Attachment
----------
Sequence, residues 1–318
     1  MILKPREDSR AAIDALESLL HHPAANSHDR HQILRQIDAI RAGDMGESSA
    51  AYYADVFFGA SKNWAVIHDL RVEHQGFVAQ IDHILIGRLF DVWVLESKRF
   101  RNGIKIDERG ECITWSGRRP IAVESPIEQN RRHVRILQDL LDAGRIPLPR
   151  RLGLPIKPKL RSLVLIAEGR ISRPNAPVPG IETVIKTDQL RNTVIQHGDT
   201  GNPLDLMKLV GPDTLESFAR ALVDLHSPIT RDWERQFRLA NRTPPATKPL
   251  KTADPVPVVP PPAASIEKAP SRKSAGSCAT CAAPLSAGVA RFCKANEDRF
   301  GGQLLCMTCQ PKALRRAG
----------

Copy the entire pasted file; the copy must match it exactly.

Sequence, residues 1–318
     1  MILKPREDSR AAIDALESLL HHPAANSHDR HQILRQIDAI RAGDMGESSA
    51  AYYADVFFGA SKNWAVIHDL RVEHQGFVAQ IDHILIGRLF DVWVLESKRF
   101  RNGIKIDERG ECITWSGRRP IAVESPIEQN RRHVRILQDL LDAGRIPLPR
   151  RLGLPIKPKL RSLVLIAEGR ISRPNAPVPG IETVIKTDQL RNTVIQHGDT
   201  GNPLDLMKLV GPDTLESFAR ALVDLHSPIT RDWERQFRLA NRTPPATKPL
   251  KTADPVPVVP PPAASIEKAP SRKSAGSCAT CAAPLSAGVA RFCKANEDRF
   301  GGQLLCMTCQ PKALRRAG